If you were to start over your homeschooling journey again, what would you do differently? - Mothering Forums
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#1 of 24 Old 06-24-2012, 09:03 PM - Thread Starter
 
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It looks like we have decided to homeschool both my children full-time.  Gulp.  I am more nervous than I thought I would be.  So just thought I would ask what you wise ladies here have learned from your experience.    

 

What would you have done differently if you were to start your homeschooling journey again? What do you wish you had known? 

 

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#2 of 24 Old 06-24-2012, 09:25 PM
 
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I was very careful not act like homeschooling was "better" than other peoples choices, so that my child would't be in the situation where she was talking bad about public school to her friends.  In retrospect, I wish I would have taught my daughter how special HSing is so that she knew, and not been so worried about offending the masses.

 

Otherwise, the best wisdom you can use w/ HSing is your gut, and try to not second guess everything you are doing in the moment.  HSing is tremendous fun and a wonderful gift to your family. 

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#3 of 24 Old 06-25-2012, 08:12 AM
 
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I would have done more work on my personal issues.

 

 I had always been a good student and had a lot of arrogance about people who were left-brained.  My first child was a lot like I was: verbally advanced, an early reader, very organized, etc.  I felt like I knew what made him tick, and it was easy to provide him with learning opportunities.  My second child turned out to be a lot like DH: right-brained, resistant to organization, wildly and messily creative, a later reader.  I floundered massively before really accepting that she had some incredible gifts and I had better let go of my way of doing things.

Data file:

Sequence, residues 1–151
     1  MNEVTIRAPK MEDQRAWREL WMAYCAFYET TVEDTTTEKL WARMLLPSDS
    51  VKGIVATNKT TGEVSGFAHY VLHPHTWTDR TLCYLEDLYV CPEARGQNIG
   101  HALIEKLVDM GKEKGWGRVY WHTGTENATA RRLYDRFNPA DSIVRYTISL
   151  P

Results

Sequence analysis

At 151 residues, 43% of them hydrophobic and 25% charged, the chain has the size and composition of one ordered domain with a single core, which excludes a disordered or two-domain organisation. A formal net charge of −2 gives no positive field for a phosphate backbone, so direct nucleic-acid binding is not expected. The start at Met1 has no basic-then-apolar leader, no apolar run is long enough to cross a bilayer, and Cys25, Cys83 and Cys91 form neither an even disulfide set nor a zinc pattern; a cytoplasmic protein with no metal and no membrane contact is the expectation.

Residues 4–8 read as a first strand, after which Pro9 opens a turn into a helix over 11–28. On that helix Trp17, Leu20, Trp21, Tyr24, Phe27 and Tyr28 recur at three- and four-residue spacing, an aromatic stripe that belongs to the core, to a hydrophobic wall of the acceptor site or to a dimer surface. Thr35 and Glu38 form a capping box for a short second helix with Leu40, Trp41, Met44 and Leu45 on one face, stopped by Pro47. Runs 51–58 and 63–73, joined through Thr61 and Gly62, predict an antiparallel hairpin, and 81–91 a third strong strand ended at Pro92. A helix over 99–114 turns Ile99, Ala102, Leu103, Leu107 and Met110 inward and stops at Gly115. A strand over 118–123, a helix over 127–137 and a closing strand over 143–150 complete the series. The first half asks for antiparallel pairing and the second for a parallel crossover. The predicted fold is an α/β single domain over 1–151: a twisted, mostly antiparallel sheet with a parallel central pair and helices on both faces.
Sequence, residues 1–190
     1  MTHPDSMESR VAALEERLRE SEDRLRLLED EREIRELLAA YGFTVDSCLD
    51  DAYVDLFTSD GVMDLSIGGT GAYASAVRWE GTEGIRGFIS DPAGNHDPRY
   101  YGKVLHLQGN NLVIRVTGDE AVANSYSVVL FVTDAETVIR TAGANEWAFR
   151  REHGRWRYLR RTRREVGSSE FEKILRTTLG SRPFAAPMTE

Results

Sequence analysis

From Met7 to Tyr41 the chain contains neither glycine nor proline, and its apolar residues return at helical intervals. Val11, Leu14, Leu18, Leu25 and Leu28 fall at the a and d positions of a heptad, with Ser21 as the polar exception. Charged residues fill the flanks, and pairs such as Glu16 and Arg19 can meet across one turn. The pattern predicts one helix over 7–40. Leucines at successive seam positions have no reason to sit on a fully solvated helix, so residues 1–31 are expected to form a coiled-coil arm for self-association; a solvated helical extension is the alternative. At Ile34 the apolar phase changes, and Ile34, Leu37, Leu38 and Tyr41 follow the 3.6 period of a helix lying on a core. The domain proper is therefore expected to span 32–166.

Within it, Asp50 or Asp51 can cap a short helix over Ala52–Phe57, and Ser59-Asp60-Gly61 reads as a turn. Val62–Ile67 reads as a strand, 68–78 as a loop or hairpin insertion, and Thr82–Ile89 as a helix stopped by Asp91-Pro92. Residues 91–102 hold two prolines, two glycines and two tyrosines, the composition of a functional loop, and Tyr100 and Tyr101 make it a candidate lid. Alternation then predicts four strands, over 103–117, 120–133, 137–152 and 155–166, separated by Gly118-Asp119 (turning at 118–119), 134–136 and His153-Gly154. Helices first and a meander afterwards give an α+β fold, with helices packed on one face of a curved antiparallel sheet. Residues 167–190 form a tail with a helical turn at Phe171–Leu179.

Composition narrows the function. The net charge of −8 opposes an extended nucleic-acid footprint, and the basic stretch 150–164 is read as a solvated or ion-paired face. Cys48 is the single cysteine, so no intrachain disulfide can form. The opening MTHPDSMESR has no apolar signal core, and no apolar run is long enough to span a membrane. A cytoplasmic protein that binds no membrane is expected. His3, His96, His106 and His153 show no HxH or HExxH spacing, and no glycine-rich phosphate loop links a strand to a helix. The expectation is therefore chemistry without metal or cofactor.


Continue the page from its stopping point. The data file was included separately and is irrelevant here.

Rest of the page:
We are now joyfully unschooling, and I have a deep and real appreciation for DD and DH that I didn't have before.

 

Also, I wish I had read John Holt's Learning All the Time: How small children begin to read, write, count, and investigate the world without being taught much earlier in the process. 

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#4 of 24 Old 06-25-2012, 11:55 AM
 
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I've actually been really pleased with how things have gone for us (we're about to start on our second year of hs-ing, so we're still pretty new at it).  One thing that has really helped me is The Parenting Passageway blog, which focuses on developing an enriching family culture and knowing what things are age and developmentally-appropriate.  Also, lots of good Waldorf-inspired art and craft projects, which I've found are superior and richer than many children's projects.  I try and make our learning as 3-dimensional as possible, but I also like making sure we have lots of "down" time to explore and be creative, as well as interact with others in the community and do general house upkeep, which I think is really important for kids to see.  


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#5 of 24 Old 06-25-2012, 02:59 PM
 
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I knew my children would not attend school from the beginning, but I really wish I would have held off discussing our decision with extended family members, who later thought they had a say in what we were doing because I'd spent so much time trying to "enlighten" them.